Abstractly Speaking

18 12 2009

Harvey, H (2005). Becoming Entrepreneurs: Intersections of Race, Class, and Gender at the Black Beauty Salon. Gender & Society, 19(6), 789-808.

Abstract

The intersections of race, class, and gender are explored through examining the experiences of African American female entrepreneurs from categorically defined working class backgrounds.   The study targets black female beauty shop owners and researches how race, class, and gender oppressions intersect to shape their decisions, processes, and successes in entrepreneurship.  The research follows the theoretic framework that race, gender, and class oppressions intersect and compound creating a unique experience of oppression that permeates all sectors of life.  The author seeks to fill a gap in research on minority entrepreneurship through representing common practices and structures in black women’s entrepreneurial experience rather than more widely covered causal and socio economic contextualizations of minority entrepreneurship.  Research findings demonstrate two primary areas where race, gender, class intersectionality impact working-class African American black beauty shop owners:  the decision and route to becoming an entrepreneur, and management and personnel relationships.

11 black female beauty shop owners were personally interviewed gathering information on demographics, business practices, and their experiences as entrepreneurs.  Research from the study showed that entrepreneurship proved to be a viable option for working class black women providing a level of economic stability and allowing business owners flexibility in supporting their children and families.  Further, because black female business owners faced a more difficult time securing business loans, they found nontraditional routes to gaining start up capital for their businesses.  Also, the sample of black female business owners were confident in the stability in the black hair industry  because of their knowledge of it as an untapped market with a devoted clientele of black women who value beauty, and are devoted to making a sizable financial contribution to attain it.

Many of the business owners adopted a “helping ideology” and took on a mentorship role to other black women through hiring practices, professional development, and general encouragement.  This, business owners proclaimed, was a deliberate effort to support other black women in gaining career and economic access and stability.  This is evidence of a racial, gendered, and class solidarity.  This practice proved effective, as a number of the entrepreneurs interviewed had been mentored by other women participating in the study before they become business owners.   However their “helping ideology” was not without its difficulties and contradictions.  Some business owners mentioned a lack of professionalism, jealousy, and distrust that marked relationships with their stylists.  These complex relationships reference common sentiments of intersecting race, gender, and class stereotypes about black women.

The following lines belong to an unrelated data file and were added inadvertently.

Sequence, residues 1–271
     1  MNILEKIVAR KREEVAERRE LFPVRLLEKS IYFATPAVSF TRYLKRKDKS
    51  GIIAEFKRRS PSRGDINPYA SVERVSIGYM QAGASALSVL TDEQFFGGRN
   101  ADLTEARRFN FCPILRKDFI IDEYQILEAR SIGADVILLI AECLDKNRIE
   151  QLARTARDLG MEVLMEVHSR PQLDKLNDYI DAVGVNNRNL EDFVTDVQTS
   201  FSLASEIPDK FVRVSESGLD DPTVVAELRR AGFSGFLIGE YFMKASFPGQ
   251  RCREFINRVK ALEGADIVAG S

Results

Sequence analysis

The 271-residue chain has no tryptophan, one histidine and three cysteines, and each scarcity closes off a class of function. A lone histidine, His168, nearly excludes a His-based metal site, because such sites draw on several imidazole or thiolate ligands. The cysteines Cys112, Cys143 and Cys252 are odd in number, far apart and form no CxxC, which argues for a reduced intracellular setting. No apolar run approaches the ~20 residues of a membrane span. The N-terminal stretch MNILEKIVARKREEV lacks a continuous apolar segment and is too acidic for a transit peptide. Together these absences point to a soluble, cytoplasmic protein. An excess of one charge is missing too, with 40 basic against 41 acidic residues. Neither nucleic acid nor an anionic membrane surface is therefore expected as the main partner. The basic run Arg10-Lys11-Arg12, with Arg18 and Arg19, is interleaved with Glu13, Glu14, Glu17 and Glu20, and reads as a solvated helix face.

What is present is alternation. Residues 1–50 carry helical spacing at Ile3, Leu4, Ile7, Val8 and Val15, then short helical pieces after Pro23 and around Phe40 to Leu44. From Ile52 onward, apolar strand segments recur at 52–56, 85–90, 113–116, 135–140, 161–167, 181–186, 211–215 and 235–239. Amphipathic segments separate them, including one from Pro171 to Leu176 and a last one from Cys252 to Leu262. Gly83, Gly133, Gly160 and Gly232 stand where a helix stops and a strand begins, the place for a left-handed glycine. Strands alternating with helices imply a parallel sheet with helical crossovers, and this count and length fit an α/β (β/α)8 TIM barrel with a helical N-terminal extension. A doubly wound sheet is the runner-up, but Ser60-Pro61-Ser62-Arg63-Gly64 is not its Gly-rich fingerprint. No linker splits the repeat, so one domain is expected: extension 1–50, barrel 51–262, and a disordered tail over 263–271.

This research in this study conveys that race, gender, and class intersections largely shape the development and social practices of minority entrepreneurship.  This body of research fills a gap of experiential analyses of minority entrepreneurship, particularly of black women.   It is suggested that further research be conducted on the financial achievement of business owners examining if their level of entrepreneurship translates into generational transcendence of class status.  The author also suggests that emotional and body labor, a substantial portion of the work of black female beauty shop owners, be explored to examine the ways cross racial emotional and body labor convey race and class intersectionality.  Lastly, the author suggest expanding the scope of this study to include a larger sample of subjects, additional entrepreneurial ventures, and the variance of social and economic  factors  to ascertain an expanded and more generalized impact of race, gender, and class intersections on the entrepreneurial experience s of black women.

Sullivan, R. (2003). Rap and Race: It’s Got a Nice Beat, But What About the Message? Journal of Black Studies, 33(5), 605-622.

Abstract

Adolescent attitudes and interpretations of rap music are examined through the lens of race through a survey of Black, White, and Latino youth in this article.  As the popularity of the black art form of rap music has increased and its mainstream appeal established, a growing amount of criticism and discourse has emerged.  Rap music’s content and effects are theoretically evaluated within the theoretical framework of black studies and music and pop culture theory.  This study speaks directly to youth to ascertain racial differences in their knowledge and opinions of rap music and the ways and extent to which rap music affects them.  51 Black, White, and Latino adolescent boys and girls from a Midwestern city were surveyed and asked questions about their preferences, views, and interpretations of rap music.  The study found limited racial variance in the popularity of rap music among the adolescents.  It did however find a stronger allegiance to rap music by black youth and a stronger affinity for its messages.